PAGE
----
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DNS Providers to Cease Implementing DNS Resolver Workarounds

Starting on February 1, 2019, a number of DNS software and service providers will cease implementing DNS resolver workarounds for systems that don’t follow the Extensions to DNS (EDNS) protocol. 

Starting on February 1, 2019, a number of DNS software and service providers will cease implementing DNS resolver workarounds for systems that don’t follow the Extensions to DNS (EDNS) protocol. 

Intended for DNS Flag Day, the switch should solve two major problems DNS has at the moment due to these workarounds: slower responses to DNS queries and the difficulty of deploying new DNS protocol features such as improved distributed denial of service protections.

Although the Extension Mechanisms for DNS were specified in 1999 to establish rules for responding to queries with EDNS options or flags, some implementations continue to violate the rules. To address interoperability issues, DNS software developers implemented workarounds for non-standard behaviors. 

“These workarounds excessively complicate DNS software and are now also negatively impacting the DNS as a whole,” the Internet Systems Consortium (ISC) points out

To address the problem, some organizations have agreed to update their software or systems to cease implementing said workarounds in software set to be released around DNS Flag Day. These include ISC (in BIND 9.14 stable), CZ NIC (in Knot Resolver 3.3.0 – it has stricter EDNS handling in all current versions), NLNET Labs (in Unbound 1.8.4, 1.9.0 and newer), and PowerDNS (PowerDNS recursor 4.2).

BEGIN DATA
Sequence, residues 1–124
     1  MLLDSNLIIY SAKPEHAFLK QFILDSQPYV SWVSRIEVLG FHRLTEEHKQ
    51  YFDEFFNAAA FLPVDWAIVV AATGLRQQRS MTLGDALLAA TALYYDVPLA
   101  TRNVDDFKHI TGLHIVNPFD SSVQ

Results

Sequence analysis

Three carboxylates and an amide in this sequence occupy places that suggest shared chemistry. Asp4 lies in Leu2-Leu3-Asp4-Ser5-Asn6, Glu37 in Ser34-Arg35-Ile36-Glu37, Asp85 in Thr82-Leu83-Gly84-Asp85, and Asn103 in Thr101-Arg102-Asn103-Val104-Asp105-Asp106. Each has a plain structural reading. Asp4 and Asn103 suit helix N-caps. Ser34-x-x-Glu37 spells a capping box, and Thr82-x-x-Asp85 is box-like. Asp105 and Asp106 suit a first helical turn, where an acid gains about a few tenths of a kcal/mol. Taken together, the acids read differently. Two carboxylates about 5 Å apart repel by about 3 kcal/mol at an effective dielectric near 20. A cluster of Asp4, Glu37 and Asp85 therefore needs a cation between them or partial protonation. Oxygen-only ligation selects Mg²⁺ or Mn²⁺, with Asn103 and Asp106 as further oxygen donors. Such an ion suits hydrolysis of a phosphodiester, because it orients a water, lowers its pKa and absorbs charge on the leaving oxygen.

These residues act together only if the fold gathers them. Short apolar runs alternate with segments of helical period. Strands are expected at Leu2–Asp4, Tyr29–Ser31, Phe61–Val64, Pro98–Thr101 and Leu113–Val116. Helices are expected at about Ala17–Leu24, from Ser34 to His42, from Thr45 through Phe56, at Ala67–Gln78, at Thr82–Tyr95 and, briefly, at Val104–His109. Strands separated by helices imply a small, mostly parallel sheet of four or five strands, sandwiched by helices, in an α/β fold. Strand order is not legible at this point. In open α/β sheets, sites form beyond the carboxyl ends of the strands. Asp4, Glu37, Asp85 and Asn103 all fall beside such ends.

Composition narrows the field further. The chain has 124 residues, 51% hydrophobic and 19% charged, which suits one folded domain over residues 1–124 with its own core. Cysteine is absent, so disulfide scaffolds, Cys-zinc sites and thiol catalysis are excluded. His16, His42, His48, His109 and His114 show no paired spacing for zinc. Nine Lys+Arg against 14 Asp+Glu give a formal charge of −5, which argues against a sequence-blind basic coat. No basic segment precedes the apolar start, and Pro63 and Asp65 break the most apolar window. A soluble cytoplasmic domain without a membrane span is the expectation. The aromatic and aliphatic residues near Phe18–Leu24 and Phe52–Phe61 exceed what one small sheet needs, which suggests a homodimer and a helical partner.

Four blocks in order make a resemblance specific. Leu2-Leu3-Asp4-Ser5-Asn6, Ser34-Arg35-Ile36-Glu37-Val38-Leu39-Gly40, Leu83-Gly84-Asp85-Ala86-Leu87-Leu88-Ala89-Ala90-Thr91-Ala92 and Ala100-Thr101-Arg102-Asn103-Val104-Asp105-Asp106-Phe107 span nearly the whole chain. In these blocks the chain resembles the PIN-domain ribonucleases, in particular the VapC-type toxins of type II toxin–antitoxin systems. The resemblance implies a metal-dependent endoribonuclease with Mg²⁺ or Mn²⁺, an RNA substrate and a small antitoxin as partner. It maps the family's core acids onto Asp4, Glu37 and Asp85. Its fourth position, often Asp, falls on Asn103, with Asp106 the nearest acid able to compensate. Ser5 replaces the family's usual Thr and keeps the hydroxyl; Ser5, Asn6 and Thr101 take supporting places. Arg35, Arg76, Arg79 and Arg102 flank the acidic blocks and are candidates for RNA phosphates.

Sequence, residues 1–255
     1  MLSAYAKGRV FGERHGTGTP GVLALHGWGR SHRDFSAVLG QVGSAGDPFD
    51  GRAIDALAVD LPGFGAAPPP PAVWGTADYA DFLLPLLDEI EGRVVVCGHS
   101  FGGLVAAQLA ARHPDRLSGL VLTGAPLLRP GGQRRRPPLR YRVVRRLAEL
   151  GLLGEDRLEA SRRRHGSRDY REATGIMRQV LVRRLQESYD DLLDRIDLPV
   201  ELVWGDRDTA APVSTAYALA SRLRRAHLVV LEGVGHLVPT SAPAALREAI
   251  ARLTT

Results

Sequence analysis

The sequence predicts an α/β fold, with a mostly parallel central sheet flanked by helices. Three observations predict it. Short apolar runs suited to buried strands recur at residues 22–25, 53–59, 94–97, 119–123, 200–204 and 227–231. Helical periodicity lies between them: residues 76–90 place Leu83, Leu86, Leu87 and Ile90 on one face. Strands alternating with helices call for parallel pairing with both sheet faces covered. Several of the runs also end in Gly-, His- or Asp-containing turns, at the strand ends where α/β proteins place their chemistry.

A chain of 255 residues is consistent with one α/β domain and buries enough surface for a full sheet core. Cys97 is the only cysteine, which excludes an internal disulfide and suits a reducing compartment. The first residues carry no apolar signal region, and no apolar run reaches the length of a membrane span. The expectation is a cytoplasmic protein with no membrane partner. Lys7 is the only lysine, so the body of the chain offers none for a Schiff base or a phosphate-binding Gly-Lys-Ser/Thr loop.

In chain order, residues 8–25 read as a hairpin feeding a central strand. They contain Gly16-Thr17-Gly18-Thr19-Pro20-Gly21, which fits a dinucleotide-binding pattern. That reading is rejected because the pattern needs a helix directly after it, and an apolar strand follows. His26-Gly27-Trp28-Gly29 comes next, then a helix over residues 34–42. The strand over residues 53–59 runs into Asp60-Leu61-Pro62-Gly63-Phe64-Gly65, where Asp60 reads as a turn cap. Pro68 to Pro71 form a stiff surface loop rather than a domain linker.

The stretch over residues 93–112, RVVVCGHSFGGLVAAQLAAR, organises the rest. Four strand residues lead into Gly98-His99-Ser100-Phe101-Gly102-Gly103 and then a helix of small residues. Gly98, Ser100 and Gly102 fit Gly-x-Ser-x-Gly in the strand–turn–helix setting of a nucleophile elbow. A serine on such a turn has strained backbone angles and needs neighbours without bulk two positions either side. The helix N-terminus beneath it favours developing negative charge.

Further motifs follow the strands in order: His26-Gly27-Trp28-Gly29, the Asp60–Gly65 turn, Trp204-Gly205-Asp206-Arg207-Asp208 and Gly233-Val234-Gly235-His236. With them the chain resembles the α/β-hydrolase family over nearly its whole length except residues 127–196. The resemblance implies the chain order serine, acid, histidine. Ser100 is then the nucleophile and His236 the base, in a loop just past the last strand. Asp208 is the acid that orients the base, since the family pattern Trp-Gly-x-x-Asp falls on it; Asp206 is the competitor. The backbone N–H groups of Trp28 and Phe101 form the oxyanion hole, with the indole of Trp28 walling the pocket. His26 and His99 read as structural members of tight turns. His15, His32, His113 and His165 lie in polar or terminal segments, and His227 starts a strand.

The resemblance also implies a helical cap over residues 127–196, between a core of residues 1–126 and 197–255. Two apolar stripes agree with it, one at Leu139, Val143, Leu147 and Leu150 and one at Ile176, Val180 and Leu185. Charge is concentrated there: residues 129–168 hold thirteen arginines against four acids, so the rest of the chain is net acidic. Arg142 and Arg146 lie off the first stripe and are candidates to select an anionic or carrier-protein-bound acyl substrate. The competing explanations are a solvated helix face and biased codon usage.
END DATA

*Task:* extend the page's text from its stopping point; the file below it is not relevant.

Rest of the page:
Organizations supporting the initiative include Cisco, CleanBrowsing, Cloudflare, Facebook, Google, Quad9, and the aforementioned software vendors of DNS software and public DNS providers. 

“To ensure further sustainability of the system it is time to end these accommodations and remediate the non-compliant systems. This change will make most DNS operations slightly more efficient, and also allow operators to deploy new functionality, including new mechanisms to protect against DDoS attacks,” the initiative’s GitHub page reveals. 

This change is expected to have impact on sites operating non-compliant software only. Internet users with their own domain names will be affected only indirectly and won’t need to take specific action. 

“Domains served by DNS servers that are not compliant with the standard will not function reliably when queried by resolvers that have been updated to the post-Flag Day version, and may become unavailable via those updated resolvers,” ISC points out. 

Organizations with DNS zones served by non-compliant servers will see their online presence slowly degrade or disappear when ISPs and other organizations update their resolvers. Organizations switching internal DNS resolvers to versions that don’t implement workarounds might experience issues with sites and email servers becoming unreachable.

Operators of DNS authoritative systems are advised to check their own domain at to ensure they are EDNS-compliant. Common issues emerge from firewalls blocking EDNS traffic and old DNS servers requiring upgrades.

Related: Google Secures Public DNS Queries With DNS-over-TLS

Related: Mozilla Testing DNS-over-HTTPS in Firefox

Written By

Ionut Arghire is an international correspondent for SecurityWeek.

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